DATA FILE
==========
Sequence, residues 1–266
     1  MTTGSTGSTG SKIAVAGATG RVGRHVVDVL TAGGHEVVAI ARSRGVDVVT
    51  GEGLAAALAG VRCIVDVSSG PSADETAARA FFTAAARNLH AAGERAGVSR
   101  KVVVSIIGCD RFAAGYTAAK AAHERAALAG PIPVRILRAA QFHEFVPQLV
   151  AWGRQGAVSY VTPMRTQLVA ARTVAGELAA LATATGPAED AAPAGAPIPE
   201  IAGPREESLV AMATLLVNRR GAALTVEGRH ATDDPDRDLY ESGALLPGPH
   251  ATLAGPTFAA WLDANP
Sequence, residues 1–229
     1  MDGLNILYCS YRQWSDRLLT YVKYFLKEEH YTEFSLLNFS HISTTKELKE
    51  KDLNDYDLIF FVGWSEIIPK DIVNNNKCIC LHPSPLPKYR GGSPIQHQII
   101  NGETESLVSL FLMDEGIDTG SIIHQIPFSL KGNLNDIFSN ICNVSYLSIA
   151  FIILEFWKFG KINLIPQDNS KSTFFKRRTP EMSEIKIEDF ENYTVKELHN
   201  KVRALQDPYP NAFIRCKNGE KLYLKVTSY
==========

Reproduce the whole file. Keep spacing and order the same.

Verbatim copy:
Sequence, residues 1–266
     1  MTTGSTGSTG SKIAVAGATG RVGRHVVDVL TAGGHEVVAI ARSRGVDVVT
    51  GEGLAAALAG VRCIVDVSSG PSADETAARA FFTAAARNLH AAGERAGVSR
   101  KVVVSIIGCD RFAAGYTAAK AAHERAALAG PIPVRILRAA QFHEFVPQLV
   151  AWGRQGAVSY VTPMRTQLVA ARTVAGELAA LATATGPAED AAPAGAPIPE
   201  IAGPREESLV AMATLLVNRR GAALTVEGRH ATDDPDRDLY ESGALLPGPH
   251  ATLAGPTFAA WLDANP
Sequence, residues 1–229
     1  MDGLNILYCS YRQWSDRLLT YVKYFLKEEH YTEFSLLNFS HISTTKELKE
    51  KDLNDYDLIF FVGWSEIIPK DIVNNNKCIC LHPSPLPKYR GGSPIQHQII
   101  NGETESLVSL FLMDEGIDTG SIIHQIPFSL KGNLNDIFSN ICNVSYLSIA
   151  FIILEFWKFG KINLIPQDNS KSTFFKRRTP EMSEIKIEDF ENYTVKELHN
   201  KVRALQDPYP NAFIRCKNGE KLYLKVTSY